Alex Coppock is an assistant professor of Political Science at Yale University. His research considers what affects people's political beliefs, especially the kinds of messages people regularly encounter--TV ads, lawn signs, Op-Eds, etc. In this episode, he shares the findings of a big, new study that just came out as well as what it means for how …
 
Vanessa Bohns studies the difference between how much influence people have and how influence they think they have. On the podcast, we talk about her studies, why people underestimate their influence, and whether this means we should try asking for more than we do now. If you sit tight until next year, Dr. Bohns has a book coming out called You Hav…
 
Elliot Aronson has seen a long and influential career in social psychology. Aronson got his PhD in 1959 from Stanford University, working with Leon Festinger on some of the first experiments testing dissonance theory. He authored a celebrated social psychology textbook, now in its twelfth edition, and he pioneered the research on the jigsaw classro…
 
Last week's special episode on cognitive dissonance pulled together interviews with several people who are experts in the field. Joel Cooper is one of those experts! When I first started getting interested in the social psychology of cognitive dissonance, Joel's book (Cognitive Dissonance: 50 Years of a Classic Theory) was so useful. You heard snip…
 
In 1957, Leon Festinger published A Theory of Cognitive Dissonance. Along with a collection of compelling experiments, Festinger changed the landscape of social psychology. The theory, now referenced constantly both in and outside of academic circles, has taken on a life of its own. And it’s still informing new research and analysis more than 60 ye…
 
Dr. Dannagal Young studies political humor. She pulls together psychology, communications, and political science, to understand how political satire works to change minds and expand political knowledge. She also has a new book: Irony and Outrage: The Polarized Landscape of Rage, Fear, and Laughter in the United States, which explores how satire bec…
 
Allison Earl studies the challenges of getting health information to people who need it. Her research looks at how people react defensively to information about their health and how to improve it. In this episode, she shares her research on people's tendency to avoid threatening health information and how simple meditation exercises can make people…
 
Kristof Dhont studies the psychology behind humans’ complicated feelings about animals. In particular, his research looks at how the existence of “speciesism” can stem from the same psychological factors that also produce other social prejudices. In this episode, Kristof and I talk about how people avoid connecting meat to the animals it comes from…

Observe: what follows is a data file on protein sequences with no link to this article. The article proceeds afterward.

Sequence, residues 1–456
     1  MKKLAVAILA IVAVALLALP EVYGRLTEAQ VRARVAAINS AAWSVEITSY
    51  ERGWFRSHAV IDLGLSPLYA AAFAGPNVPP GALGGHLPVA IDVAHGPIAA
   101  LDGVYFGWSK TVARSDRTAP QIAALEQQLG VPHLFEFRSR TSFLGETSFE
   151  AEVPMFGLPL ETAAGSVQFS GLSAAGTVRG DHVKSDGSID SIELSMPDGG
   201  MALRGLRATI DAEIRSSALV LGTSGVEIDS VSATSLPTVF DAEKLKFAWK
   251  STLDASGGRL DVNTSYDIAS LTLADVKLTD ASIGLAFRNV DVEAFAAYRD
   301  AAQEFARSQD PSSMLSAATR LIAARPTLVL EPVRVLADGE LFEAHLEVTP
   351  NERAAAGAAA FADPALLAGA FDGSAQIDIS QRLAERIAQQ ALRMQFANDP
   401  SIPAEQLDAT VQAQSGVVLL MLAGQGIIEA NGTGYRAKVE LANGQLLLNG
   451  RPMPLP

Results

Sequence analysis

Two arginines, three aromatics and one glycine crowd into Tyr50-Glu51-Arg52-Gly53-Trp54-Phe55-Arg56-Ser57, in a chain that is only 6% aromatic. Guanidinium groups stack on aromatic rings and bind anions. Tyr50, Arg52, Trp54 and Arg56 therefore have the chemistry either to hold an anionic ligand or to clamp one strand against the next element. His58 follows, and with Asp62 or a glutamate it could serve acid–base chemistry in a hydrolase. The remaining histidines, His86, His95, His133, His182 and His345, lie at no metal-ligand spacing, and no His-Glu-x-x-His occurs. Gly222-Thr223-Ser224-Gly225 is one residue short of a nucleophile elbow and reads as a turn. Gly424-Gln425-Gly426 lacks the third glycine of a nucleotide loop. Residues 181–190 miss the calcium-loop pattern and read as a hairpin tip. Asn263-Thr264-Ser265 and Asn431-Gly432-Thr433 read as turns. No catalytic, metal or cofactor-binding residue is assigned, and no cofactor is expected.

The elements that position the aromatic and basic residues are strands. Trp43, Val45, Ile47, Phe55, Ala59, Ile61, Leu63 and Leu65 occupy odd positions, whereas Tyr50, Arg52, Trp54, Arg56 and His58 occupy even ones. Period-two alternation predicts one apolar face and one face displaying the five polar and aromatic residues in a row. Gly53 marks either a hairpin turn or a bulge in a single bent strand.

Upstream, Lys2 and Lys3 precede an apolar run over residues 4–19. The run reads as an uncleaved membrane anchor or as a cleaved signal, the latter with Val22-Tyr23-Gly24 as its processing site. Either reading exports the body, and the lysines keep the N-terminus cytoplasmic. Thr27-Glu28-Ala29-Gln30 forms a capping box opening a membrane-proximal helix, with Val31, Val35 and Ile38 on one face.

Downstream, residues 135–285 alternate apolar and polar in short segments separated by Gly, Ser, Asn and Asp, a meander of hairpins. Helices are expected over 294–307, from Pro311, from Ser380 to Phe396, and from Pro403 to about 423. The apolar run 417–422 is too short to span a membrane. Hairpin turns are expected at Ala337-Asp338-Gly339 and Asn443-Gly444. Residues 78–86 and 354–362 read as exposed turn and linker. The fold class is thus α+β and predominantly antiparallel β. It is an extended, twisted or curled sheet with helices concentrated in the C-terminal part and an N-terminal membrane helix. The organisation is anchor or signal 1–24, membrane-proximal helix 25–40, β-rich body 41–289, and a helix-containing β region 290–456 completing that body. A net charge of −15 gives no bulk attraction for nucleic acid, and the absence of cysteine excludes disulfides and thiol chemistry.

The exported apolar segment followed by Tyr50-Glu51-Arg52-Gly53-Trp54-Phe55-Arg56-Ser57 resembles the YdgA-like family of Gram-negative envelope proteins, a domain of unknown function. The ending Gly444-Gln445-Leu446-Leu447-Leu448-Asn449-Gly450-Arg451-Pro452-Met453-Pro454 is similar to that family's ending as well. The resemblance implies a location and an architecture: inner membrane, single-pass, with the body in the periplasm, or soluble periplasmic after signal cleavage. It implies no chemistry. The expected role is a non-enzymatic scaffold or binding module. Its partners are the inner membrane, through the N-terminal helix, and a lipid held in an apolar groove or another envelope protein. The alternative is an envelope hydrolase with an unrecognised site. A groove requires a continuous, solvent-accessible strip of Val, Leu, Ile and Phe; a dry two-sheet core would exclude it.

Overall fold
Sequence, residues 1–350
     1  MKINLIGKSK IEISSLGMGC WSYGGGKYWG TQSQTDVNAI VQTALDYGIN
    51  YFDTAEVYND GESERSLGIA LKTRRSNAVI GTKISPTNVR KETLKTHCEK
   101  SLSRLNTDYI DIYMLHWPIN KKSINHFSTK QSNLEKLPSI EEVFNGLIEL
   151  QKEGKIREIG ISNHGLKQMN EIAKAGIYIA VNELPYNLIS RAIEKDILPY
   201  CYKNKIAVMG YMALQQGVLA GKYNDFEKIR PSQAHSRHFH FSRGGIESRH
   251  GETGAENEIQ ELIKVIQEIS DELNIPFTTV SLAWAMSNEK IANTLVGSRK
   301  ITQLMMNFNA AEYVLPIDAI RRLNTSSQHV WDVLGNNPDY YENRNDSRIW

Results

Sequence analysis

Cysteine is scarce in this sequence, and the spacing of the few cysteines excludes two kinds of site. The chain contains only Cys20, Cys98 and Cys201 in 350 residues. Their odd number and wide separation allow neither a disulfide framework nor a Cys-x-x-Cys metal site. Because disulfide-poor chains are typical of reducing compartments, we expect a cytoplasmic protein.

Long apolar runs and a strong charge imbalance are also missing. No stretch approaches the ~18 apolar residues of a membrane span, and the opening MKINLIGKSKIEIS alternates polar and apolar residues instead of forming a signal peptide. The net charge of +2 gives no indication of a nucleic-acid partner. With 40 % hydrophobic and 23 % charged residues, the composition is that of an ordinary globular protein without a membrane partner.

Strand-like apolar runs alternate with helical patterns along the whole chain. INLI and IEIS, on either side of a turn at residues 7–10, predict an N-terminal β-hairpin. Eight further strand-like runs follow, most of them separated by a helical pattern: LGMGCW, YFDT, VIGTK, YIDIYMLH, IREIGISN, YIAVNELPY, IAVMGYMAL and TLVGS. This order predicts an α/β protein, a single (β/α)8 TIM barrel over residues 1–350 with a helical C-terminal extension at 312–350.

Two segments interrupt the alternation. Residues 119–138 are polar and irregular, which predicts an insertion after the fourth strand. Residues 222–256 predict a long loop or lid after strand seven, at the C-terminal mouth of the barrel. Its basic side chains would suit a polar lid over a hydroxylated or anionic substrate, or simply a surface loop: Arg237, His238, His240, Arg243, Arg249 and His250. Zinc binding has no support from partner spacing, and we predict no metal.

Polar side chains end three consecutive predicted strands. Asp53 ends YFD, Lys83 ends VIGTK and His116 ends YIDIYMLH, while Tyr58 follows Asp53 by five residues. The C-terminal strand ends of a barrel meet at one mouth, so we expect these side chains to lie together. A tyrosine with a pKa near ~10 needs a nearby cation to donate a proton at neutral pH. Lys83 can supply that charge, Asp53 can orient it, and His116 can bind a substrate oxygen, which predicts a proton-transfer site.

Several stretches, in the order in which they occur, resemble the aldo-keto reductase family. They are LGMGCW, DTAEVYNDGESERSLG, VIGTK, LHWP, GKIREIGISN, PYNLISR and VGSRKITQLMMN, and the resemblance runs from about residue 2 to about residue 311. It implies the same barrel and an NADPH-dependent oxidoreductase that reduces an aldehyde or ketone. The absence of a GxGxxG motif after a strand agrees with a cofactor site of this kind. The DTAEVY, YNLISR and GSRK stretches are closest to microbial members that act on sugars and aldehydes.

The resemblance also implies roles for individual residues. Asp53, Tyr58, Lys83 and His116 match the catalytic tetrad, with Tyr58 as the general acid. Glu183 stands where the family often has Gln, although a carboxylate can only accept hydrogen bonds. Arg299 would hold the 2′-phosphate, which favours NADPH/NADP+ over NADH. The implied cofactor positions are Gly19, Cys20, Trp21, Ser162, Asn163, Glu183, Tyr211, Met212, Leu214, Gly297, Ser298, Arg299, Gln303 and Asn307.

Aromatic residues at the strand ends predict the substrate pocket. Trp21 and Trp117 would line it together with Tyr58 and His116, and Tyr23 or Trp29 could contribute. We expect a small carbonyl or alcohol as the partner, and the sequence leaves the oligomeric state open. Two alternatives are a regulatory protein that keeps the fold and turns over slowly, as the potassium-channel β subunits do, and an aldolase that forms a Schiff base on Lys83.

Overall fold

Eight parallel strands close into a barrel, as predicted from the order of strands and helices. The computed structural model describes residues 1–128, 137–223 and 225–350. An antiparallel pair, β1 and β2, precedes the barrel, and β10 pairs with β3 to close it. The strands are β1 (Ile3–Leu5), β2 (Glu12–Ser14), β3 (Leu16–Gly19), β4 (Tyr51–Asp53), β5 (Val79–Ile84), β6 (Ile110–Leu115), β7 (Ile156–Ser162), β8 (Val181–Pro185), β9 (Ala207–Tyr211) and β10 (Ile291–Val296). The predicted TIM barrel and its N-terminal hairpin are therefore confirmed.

Mahzarin Banaji is a professor of psychology at Harvard University. In the 90s, she and her colleagues pioneered the research in social psychology on implicit bias. They are perhaps best known for creating the Implicit Association Test (IAT), which purports to measure the preferences that people are unable or unwilling to say they have. Using this …
 
Joe Fuld founded the political consulting firm, The Campaign Workshop, and he also co-hosts the podcast, "How to Win a Campaign." In this episode, he shares his background in political and advocacy campaigns and what you need to consider if you're thinking of running for office yourself. At the top of the show, I also talked to Pavan Parikh. He's c…
 
Dr. Zakary Tormala is a professor of behavioral science and marketing at Stanford University’s business school. He studies how people can become certain of an opinion and what that means for their willingness to share their views. We talk about what certainty is, how it affects people's choices and resistance to change, and how the research about c…
 
Dr. Gordon Pennycook studies why people share misinformation. His research has used many techniques to understand people’s ability to judge the accuracy of information, their willingness to share that information, and what we can do to encourage people to only spread true information. Some of the things that come up in this episode: There’s lots of…
 
Shannon Odell is a comedian and neuroscientist, and she uses comedy as a tool to teach people about science. She’s done this through hosting live shows, a YouTube series, a podcast, and other ways of getting the word out about how cool neuroscience is. In this episode, we talk about how she got into science, how she got into comedy, and how she tho…